Institution A Professors and Lecturers Part-time Faculty Total Institution B, Dept. 1 Professors Part-time Faculty Total Institution B, Dept. 2 Professors Part-time Faculty Total 4 8 12 107 204 311 $441 $141 $244 8 4 12 238 98 336 $425 $147 $344 4 9 13 234 575 809 $450 $101 $202 Total Sections Total Students Comp. per Student

Notes: Compensation includes wages and benefits allocated to teaching. Part-time Faculty at Institution A include 1 staff member who taught part time. Institution A data exclude an honors section and an online section. Institution B, department 1 data exclude a partially online section and a section taught at an off-campus location.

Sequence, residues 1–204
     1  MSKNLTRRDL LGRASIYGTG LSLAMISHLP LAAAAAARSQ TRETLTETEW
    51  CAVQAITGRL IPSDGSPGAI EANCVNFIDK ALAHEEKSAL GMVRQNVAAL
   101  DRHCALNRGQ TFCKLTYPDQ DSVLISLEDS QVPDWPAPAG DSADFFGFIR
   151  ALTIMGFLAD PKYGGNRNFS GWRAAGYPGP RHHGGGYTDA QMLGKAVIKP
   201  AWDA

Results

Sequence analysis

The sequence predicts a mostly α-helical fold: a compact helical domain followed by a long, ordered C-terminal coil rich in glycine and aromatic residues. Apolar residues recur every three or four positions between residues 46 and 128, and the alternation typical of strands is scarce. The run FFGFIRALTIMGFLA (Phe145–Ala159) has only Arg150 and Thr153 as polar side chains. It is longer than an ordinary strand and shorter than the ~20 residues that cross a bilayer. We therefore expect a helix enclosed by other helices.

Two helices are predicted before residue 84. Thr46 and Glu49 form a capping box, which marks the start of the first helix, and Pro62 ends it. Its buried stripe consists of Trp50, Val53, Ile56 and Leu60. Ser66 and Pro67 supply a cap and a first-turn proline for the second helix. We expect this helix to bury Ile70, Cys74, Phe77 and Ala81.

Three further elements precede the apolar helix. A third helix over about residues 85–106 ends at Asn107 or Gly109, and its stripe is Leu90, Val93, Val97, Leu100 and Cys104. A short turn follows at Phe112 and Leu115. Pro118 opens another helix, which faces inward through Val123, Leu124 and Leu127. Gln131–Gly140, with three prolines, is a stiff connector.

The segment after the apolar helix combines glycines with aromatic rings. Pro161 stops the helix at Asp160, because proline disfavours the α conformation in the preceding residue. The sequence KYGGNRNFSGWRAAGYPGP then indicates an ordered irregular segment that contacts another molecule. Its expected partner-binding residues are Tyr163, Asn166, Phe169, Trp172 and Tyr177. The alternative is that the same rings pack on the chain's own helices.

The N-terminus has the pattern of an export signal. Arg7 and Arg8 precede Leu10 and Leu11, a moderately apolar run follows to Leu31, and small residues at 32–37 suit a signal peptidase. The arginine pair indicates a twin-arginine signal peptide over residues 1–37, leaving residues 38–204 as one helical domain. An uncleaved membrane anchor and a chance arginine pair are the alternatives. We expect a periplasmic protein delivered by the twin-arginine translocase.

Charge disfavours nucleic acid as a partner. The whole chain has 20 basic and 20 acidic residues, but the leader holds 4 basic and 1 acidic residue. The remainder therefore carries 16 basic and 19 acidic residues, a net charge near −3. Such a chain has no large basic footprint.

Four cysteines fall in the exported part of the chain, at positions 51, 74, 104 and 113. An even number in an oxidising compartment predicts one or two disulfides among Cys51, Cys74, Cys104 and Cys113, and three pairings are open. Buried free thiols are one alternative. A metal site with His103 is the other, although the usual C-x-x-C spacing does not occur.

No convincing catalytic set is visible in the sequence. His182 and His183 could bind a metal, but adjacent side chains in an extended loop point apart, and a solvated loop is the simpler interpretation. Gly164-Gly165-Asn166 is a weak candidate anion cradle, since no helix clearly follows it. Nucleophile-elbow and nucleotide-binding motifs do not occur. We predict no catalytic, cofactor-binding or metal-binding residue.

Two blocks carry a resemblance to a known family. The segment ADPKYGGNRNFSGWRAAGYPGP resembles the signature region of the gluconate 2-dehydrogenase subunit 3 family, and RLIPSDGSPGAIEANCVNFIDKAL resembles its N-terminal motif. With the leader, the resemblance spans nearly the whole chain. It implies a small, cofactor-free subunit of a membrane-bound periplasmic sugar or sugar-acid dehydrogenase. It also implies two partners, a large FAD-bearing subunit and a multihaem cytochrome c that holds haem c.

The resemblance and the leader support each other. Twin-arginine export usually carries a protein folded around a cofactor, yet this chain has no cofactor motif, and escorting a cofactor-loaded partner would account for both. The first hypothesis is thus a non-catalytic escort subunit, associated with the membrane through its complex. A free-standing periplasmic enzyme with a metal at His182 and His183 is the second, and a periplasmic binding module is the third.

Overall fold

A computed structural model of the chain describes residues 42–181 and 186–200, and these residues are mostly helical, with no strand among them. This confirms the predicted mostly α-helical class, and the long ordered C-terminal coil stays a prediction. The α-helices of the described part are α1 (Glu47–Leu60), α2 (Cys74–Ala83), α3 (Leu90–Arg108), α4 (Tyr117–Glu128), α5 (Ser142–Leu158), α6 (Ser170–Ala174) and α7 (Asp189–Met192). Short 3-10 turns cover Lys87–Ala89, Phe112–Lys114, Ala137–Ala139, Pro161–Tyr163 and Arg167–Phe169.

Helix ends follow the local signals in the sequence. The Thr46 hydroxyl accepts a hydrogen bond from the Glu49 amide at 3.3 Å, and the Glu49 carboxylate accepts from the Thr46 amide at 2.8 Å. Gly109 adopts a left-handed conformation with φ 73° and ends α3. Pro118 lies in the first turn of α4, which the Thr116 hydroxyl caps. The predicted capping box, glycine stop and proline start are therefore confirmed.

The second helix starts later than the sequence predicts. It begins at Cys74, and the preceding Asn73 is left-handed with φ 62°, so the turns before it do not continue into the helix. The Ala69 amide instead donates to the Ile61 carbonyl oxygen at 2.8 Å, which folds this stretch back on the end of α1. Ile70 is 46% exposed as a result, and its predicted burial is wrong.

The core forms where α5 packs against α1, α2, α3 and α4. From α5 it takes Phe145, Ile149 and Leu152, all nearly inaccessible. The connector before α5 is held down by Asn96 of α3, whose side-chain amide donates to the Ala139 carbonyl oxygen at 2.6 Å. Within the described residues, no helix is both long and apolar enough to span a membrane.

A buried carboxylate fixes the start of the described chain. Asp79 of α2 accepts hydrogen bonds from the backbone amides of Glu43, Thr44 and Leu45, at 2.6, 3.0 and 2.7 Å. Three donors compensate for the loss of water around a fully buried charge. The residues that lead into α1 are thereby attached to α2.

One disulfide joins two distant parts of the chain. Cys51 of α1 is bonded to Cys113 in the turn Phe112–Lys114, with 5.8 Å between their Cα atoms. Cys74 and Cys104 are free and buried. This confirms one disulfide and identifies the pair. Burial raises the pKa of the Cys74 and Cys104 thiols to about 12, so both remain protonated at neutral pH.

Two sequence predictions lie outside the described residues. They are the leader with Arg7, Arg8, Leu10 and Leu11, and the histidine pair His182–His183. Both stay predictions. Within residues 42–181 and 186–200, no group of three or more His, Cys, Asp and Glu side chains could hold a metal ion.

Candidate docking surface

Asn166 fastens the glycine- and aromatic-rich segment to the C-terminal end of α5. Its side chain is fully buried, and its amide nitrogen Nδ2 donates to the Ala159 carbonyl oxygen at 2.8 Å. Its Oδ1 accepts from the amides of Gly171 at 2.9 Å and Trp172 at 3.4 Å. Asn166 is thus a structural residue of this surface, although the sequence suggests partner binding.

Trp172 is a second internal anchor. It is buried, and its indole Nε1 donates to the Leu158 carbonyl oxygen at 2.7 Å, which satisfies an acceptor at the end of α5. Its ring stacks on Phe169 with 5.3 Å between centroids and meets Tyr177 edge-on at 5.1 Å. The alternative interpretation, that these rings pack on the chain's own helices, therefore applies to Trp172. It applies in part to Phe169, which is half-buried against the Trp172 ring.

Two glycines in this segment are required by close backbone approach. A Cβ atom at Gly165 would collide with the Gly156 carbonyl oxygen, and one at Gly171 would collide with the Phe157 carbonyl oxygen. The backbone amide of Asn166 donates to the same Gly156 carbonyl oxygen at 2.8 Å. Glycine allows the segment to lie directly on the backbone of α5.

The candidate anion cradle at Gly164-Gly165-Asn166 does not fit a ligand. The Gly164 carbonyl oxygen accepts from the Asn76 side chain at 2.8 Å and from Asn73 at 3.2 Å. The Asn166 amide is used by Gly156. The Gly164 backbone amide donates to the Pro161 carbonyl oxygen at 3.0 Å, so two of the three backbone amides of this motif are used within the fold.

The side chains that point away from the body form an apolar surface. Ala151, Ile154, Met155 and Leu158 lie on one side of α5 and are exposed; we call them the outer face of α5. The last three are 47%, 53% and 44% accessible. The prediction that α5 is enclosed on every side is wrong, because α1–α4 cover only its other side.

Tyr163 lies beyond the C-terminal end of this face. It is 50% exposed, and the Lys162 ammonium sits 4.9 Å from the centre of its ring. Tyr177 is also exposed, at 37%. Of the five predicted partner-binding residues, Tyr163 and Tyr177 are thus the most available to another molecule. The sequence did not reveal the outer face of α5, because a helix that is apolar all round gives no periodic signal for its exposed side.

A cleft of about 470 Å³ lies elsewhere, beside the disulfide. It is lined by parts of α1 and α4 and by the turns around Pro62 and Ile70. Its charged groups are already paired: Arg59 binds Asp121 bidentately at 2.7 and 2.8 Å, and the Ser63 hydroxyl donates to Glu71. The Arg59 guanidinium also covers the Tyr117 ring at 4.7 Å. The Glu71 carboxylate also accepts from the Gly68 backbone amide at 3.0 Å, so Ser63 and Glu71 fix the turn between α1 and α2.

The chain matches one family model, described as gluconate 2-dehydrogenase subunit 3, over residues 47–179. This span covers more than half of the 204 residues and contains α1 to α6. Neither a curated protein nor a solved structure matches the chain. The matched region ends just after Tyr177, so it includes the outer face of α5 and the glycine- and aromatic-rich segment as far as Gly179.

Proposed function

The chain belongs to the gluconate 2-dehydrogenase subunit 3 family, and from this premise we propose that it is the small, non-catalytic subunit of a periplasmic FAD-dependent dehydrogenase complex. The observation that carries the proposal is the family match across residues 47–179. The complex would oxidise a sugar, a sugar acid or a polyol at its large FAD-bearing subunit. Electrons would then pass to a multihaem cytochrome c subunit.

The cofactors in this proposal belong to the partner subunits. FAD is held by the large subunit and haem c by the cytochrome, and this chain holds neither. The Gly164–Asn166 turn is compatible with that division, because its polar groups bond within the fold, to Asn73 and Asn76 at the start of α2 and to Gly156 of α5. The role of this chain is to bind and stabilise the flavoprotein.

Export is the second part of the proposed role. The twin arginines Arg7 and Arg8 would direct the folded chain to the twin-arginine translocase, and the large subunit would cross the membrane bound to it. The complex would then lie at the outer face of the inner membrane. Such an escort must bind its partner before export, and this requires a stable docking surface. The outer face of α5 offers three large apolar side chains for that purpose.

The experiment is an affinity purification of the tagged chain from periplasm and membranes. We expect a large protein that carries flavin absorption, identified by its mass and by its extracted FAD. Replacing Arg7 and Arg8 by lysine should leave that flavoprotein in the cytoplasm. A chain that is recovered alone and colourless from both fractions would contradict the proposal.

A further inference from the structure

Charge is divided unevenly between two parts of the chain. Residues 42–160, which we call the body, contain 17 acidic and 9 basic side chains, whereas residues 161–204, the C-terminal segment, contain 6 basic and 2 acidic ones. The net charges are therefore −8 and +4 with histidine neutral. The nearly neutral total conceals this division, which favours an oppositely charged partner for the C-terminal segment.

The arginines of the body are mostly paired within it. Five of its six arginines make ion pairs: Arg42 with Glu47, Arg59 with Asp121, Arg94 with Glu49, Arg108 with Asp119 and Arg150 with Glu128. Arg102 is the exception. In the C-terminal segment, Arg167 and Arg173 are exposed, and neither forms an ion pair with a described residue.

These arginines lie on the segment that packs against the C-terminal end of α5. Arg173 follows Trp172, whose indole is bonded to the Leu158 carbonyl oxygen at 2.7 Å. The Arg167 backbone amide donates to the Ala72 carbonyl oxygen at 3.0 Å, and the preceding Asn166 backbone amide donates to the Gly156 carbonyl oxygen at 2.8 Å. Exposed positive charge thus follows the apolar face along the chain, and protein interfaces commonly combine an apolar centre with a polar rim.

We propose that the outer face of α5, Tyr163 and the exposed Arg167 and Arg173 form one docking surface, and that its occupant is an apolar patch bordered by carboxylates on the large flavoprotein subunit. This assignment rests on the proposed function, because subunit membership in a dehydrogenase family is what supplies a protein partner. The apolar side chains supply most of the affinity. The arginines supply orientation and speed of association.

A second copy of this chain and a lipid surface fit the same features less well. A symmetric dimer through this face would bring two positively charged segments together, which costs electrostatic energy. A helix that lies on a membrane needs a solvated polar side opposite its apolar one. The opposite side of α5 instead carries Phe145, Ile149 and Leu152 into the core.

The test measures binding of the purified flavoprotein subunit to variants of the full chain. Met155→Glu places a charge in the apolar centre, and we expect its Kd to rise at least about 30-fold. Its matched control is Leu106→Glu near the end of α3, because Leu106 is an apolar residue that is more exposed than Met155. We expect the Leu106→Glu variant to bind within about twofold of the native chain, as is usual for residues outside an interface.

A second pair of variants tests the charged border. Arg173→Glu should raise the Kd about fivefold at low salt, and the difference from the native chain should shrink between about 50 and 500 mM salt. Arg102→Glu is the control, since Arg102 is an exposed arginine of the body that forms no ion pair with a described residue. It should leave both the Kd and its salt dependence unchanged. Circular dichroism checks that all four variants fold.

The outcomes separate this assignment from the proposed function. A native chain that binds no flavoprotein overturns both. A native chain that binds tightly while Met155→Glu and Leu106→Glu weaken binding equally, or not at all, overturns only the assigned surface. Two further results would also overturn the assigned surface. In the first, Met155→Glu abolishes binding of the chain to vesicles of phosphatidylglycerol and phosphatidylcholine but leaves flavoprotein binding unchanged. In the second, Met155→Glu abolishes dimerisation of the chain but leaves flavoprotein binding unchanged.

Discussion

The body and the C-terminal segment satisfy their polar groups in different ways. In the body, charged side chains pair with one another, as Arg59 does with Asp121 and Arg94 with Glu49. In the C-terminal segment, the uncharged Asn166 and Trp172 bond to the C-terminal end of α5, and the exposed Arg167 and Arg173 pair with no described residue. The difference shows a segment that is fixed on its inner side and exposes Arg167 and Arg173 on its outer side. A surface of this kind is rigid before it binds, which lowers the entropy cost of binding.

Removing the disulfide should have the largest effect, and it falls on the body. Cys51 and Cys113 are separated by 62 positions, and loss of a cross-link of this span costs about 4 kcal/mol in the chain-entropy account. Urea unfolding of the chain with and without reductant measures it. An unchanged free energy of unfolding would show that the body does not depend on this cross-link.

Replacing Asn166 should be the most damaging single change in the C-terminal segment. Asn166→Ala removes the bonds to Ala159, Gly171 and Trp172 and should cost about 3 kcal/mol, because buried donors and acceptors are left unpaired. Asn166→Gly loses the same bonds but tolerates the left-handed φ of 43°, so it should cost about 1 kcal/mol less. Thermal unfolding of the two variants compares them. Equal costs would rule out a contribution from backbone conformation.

There are many ways one could implement hybrid learning on a college campus. We focus on one model that seems plausible and includes a set of adjustable assumptions that make it quite flexible. We assume that students will learn mostly through machine-guided online systems such as those in the Carnegie Mellon introductory statistics course that was used in our empirical study of learning outcomes. Instead of attending class for 3 or 4 hours each week, as they do now in a traditional format, students instead attend a one-hour face-to-face session where they can ask questions and review concepts that they did not learn adequately through the online system. In this hypothetical model, a full-time faculty member (usually a tenure-track professor) will be responsible for overseeing all sections of a large introductory course. The professor will be the faculty member of record for the class, and will be ultimately responsible for all academic aspects of the class (syllabus, exams, grading, etc.). Of course other instructors will assist with the actual implementation of tasks such as writing and grading exams—though in time we expect much grading to be done automatically (as in the grading models being developed now for some MOOCs, such as those offered by professors at places like MIT and Stanford). The professor will be assisted by a part-time instructor who will have administrative responsibilities for the entire course, such as scheduling and making sure that all students have ready access to the online part of the course. Part-time instructors will be responsible for leading the weekly face-to-face meetings with students and (at present, pending further development of automated grading systems) for grading student assignments and exams. We should be clear that by “part-time instructors” we mean the group of instructors currently referred to using a variety of terms, including: adjuncts, part-time faculty, and contingent faculty. These individuals need not be employed part-time by the institutions—they could be full-time employees by virtue of teaching multiple sections of the same course (or different courses), but they are customarily paid per course taught. At institutions with graduate students, graduate teaching assistants could also fill this role.